PriMa - Privacy Matters
PriMa - Privacy Matters
(dies ist ein Projekt zusammen mit dem Forschungsteam an der Universität Twente in den Niederlanden)
PriMa (Privacy Matters) is an Innovative Training Network (ITN) funded by the EU through the Horizon 2020 Framework. PriMa is a collaboration between 7 research locations and 7 industrial partner organisations with a focus on the analysis and mitigation of privacy risks in a rapidly digitalising society. One factor contributing to the erosion of privacy is the growth in recognition technologies that not only facilitate the recognition of individuals but also the inference from biometric data of emotional state, gender, health, age, and even profession. Another factor is the fast advancement of artificial intelligence, allowing for extensive data mining, and aggregation, linkage and inference of personal information. Hence, there is a real possibility that acceptable privacy may become unattainable unless technological and societal steps are taken to allow citizens to regain control of their personal information.
In the context of the PriMa project, we are interested in the privacy protection of biometric templates. Established measures for privacy protection of stored biometric templates are (1) the classical template protection methods such as helper-data systems and (2) the more recent methods that perform biometric recognition under encryption. The first have the advantages that no key management is required, and computational complexity is low. The disadvantage is that the strength of the privacy protection is fully determined by the recognition performance of the biometric modality and for known modalities the secrecy rate does not exceed more than 20 bits, which is marginal from a cryptographic point of view. In the second approach the protection of privacy is decoupled from the biometric recognition performance and depends on the strength of the encryption, but this requires significant computational resources. In the past years, significant progress has been made in the field of homomorphic encryption using an optimal likelihood-ratio-based classifier. Protocols were developed for a 2-party scheme (a client containing the biometric sensor and a server containing the protected template) that are secure against a malicious attacker. Those schemes, however, still make the assumption that the registration of a subject is done in a trusted environment. Similar assumptions are made for the verification environment. Furthermore, the biometric accuracy of the homomorphic scheme completely depends on the accuracy of the underlying biometric feature vectors. Newly developed Deep Learning methods may be used to generate accurate feature vectors but may lead to privacy issues when trained models are published.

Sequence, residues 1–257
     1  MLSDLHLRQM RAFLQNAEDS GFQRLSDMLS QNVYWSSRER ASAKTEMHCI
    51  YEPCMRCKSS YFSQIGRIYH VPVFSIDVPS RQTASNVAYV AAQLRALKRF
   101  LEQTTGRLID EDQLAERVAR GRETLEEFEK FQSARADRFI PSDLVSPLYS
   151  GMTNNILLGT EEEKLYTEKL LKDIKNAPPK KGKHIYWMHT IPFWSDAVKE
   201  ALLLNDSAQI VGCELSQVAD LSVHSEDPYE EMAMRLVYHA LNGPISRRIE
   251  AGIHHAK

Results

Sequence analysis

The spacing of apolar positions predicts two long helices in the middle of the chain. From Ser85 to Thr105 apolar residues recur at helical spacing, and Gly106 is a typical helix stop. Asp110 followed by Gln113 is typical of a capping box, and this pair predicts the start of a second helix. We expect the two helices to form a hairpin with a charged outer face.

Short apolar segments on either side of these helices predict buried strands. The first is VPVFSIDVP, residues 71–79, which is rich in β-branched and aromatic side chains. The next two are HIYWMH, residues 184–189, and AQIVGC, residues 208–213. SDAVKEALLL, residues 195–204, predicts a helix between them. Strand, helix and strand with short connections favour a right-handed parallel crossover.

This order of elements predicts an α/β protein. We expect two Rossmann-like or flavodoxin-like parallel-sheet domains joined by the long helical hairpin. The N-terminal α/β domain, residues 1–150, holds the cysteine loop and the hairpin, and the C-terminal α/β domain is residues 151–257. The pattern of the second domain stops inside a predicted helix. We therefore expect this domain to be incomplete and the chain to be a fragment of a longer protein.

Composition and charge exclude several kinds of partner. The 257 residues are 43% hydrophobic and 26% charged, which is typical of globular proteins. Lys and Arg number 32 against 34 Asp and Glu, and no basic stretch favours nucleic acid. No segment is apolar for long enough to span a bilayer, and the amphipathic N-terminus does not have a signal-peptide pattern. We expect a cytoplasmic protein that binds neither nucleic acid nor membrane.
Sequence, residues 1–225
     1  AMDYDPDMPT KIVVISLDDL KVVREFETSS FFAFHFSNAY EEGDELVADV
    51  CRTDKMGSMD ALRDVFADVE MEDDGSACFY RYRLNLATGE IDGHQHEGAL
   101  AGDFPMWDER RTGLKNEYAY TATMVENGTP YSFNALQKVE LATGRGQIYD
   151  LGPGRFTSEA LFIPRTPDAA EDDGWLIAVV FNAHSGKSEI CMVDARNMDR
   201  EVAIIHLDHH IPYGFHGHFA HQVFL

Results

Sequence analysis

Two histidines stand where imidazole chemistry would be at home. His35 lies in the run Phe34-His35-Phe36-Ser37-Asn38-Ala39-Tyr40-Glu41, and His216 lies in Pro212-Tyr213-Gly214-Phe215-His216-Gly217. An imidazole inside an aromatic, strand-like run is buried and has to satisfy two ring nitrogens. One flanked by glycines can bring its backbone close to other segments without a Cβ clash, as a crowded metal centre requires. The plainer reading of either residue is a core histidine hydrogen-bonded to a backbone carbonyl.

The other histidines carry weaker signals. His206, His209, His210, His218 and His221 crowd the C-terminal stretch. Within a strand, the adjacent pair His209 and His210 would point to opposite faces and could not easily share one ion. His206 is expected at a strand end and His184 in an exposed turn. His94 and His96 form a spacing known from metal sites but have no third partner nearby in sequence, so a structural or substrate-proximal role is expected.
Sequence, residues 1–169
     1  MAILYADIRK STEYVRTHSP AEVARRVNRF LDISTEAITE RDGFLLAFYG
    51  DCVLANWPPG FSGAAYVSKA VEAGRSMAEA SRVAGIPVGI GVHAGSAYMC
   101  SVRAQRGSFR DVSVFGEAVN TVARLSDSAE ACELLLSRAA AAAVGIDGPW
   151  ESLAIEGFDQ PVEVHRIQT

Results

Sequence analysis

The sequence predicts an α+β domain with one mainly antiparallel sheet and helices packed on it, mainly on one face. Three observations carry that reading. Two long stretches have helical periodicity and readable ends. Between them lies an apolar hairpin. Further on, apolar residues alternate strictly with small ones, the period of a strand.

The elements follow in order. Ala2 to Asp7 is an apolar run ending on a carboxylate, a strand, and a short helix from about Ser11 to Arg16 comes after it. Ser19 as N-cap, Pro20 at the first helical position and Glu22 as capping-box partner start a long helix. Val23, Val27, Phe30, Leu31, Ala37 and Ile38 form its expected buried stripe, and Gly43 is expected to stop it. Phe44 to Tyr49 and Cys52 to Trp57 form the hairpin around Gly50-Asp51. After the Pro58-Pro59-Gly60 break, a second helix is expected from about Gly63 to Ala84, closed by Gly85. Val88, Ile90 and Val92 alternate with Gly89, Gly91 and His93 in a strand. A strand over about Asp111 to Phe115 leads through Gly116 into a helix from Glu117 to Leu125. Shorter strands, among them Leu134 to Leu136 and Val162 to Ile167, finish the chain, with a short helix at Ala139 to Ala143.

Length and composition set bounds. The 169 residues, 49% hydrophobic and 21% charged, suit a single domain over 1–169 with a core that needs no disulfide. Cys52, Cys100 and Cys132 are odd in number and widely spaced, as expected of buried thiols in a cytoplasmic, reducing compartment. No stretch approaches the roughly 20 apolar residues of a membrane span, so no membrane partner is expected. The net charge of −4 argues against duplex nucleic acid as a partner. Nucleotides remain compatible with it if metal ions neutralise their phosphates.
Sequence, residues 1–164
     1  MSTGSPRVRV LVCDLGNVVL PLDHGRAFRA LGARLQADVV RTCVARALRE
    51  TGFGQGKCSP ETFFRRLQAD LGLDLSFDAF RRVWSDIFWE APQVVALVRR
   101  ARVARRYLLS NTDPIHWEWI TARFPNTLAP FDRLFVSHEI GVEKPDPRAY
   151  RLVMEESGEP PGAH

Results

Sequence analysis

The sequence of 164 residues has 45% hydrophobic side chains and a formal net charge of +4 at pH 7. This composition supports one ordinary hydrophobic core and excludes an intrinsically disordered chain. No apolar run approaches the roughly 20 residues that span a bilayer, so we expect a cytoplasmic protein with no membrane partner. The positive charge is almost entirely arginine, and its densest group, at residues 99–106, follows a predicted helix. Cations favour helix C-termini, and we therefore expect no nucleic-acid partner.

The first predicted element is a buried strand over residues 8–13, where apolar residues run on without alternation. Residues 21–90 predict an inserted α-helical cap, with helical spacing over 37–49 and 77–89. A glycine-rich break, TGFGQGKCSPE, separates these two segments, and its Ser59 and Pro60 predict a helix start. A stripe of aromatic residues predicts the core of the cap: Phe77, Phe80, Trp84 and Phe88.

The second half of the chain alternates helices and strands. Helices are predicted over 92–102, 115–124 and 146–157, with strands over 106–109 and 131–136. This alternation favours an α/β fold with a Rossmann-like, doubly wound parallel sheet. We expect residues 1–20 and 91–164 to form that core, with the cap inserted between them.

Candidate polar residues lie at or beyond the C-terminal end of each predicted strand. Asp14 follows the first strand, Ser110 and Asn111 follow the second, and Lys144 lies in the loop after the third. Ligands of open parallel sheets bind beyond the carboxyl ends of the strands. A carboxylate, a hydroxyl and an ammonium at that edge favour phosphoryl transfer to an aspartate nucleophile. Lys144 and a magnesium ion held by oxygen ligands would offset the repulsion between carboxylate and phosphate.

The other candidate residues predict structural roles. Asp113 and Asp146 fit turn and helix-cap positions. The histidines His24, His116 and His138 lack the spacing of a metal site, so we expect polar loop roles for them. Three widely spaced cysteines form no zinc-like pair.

Our scientific goal therefore is to develop methods and minimal requirements for trusted enrolment (and possibly verification) in untrusted environments. Furthermore it will be considered if and how the use of Deep Learning techniques for generating biometric registration and verification feature vectors lead to privacy issues and how those can be prevented.